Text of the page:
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SCORE: Owners, keep up with latest trends

Special to the Union Leader

December 30. 2012 9:05PM

Q. Running my commercial printing business is more than a full-time job, and I often feel like I'm out of touch with what's happening outside the business. How can I keep current on business- and industry-related developments in an efficient manner?

A. Efficiency is the key to maximizing small business profitability, productivity and potential. But in devoting so much attention to processes and people, however, small business owners often neglect to optimize their most important asset - themselves.

Whether you're a novice or a veteran entrepreneur, every day also offers the opportunity to learn something that can be applied to improving the quality of your business - perhaps right away, or maybe sometime in the future. It's simply a matter of being aware of what's going on outside the walls of your store, factory or home office.

Search engine technology has made staying abreast of business-related news easy thanks to systems such as Google Alerts. Simply enter some basic search terms for topics of interest - your industry, locations where you do or want to do business, competitors' names, technologies, etc. - and you'll be notified when relevant content appears on the Web. Alerts can be set to be issued as they happen, or on a daily or weekly basis.

In addition, RSS feeds and customizable news aggregation websites such as bring news headlines, blogs and podcasts together in a single location.

But don't omit "traditional" news sources such as trade journals, national news publications or your local paper. While it's great to get Web news tailored to your needs, you may spot something in a story on a seemingly unrelated topic that could benefit your business or, perhaps more importantly, influence your customers and their needs.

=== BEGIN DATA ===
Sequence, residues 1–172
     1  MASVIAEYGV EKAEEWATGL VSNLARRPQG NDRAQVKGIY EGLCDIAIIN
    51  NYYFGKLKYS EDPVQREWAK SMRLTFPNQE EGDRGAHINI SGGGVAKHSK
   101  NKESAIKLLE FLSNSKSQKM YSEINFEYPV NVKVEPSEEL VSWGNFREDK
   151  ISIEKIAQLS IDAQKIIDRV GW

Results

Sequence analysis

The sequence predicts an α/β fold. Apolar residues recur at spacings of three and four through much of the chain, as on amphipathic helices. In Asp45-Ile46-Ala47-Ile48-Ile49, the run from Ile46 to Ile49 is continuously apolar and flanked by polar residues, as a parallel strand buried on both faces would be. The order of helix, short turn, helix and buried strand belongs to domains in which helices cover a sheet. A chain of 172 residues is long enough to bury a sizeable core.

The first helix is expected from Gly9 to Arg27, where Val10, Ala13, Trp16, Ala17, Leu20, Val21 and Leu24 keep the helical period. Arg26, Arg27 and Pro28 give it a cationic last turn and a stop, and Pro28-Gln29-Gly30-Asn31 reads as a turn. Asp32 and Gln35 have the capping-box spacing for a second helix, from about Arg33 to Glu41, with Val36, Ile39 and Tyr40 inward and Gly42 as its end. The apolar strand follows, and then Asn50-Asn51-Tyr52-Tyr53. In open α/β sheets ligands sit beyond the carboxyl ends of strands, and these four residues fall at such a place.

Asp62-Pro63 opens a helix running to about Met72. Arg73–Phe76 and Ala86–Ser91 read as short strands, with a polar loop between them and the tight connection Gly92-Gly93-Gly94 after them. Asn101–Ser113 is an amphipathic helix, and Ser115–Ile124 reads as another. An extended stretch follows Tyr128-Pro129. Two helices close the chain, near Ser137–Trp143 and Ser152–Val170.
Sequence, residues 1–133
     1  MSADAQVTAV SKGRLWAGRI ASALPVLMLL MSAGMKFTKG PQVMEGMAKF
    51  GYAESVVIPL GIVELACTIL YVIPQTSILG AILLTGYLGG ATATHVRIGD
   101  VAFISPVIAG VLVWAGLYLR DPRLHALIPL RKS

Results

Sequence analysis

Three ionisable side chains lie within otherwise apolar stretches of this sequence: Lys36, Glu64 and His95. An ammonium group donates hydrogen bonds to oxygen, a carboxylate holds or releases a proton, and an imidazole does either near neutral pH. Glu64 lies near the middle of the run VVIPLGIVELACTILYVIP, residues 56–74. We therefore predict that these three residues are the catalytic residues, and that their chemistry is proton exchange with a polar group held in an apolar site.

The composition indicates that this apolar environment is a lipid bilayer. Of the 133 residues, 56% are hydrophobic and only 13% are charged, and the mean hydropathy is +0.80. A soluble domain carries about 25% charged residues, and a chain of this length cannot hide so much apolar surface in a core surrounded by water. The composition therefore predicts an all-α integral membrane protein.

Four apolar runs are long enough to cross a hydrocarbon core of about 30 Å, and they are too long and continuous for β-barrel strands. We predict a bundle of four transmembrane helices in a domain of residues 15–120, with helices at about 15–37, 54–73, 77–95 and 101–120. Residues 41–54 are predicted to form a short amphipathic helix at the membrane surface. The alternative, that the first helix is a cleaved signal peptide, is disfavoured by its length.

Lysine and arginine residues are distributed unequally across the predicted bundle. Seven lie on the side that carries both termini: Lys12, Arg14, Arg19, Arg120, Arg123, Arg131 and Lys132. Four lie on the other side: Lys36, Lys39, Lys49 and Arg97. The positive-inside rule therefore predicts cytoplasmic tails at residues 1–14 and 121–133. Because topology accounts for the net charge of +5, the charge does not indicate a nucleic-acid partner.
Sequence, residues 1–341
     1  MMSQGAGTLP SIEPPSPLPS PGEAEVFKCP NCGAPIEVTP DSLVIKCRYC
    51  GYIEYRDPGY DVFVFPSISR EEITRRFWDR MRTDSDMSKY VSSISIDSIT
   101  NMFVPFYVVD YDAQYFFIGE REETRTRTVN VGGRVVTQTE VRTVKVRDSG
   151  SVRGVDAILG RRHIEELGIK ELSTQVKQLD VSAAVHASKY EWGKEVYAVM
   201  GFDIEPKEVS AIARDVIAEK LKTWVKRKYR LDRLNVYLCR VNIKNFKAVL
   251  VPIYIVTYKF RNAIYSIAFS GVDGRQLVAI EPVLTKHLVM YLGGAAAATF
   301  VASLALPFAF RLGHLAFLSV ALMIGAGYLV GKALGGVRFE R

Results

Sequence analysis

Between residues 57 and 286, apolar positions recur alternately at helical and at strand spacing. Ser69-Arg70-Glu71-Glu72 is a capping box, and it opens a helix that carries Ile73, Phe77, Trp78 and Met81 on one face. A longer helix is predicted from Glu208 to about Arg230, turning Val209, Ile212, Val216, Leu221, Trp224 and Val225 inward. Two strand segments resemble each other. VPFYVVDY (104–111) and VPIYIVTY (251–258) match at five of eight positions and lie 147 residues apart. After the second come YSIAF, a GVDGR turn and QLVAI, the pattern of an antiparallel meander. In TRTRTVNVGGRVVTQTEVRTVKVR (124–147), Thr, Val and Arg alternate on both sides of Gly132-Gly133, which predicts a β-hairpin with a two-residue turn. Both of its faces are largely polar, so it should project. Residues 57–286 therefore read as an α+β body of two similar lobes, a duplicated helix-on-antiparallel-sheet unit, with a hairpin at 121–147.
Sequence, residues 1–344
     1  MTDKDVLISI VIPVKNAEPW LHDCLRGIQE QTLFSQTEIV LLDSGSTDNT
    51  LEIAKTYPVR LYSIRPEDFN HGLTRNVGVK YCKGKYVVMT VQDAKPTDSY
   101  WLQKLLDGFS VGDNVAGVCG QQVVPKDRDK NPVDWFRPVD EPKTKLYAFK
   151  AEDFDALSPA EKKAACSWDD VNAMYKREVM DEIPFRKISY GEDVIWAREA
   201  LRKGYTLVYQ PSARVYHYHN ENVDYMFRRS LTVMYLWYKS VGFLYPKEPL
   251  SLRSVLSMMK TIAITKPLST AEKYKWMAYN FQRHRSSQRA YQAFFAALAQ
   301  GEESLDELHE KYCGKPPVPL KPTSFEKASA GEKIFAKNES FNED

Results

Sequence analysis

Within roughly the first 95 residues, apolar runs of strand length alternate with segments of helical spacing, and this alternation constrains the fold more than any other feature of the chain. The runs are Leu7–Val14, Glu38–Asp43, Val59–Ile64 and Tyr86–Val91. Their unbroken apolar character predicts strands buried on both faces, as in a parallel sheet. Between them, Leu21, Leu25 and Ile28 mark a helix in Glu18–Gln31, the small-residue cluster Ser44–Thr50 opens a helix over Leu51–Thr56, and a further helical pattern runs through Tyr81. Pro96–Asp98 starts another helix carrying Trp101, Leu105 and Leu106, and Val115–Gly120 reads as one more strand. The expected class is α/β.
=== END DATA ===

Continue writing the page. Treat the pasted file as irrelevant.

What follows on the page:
And just because you've finished school doesn't mean your career as a student is over. There are always new skills to learn, new technologies to master and new ways to do things. Local colleges and universities regularly offer classes and seminars on timely business topics, both on campus and online. Local chapters of professional associations, chambers of commerce and other groups also have meetings with speakers and presentations, giving you a chance to double your time investment by both learning and networking. Plus, your local SCORE chapter's workshops are an ongoing resource on key small business-related subjects.

You may also want to consider attending multi-day conferences sponsored by an industry group - either yours or those representing your customers. Though registration fees, travel and lodging may be involved, the long-term payoff in visibility, education, and networking will likely more than justify the expense.

Finally, the best way to maximize your personal efficiency is to take care of your health. Take some breaks during the day, and set business aside completely when you leave work - especially if you spend most of your time in a home office. Exercise regularly, eat right and don't put off regular medical exams or vacations. After all, if the boss isn't operating at 100 percent, chances are his or her small business won't either.

This column is brought to you by the Merrimack Valley Chapter of SCORE, with nearly 70 current and former business executives available to provide free, confidential, one-on-one business mentoring and training workshops for area businesses. Call 666-7561 or visit for information on mentoring, upcoming workshops and volunteer opportunities. SCORE is a national, nonprofit organization and a resource partner of the U.S. Small Business Administration.

Have a question you'd like answered in this column? E-mail it to, with "Ask SCORE" in the subject line.

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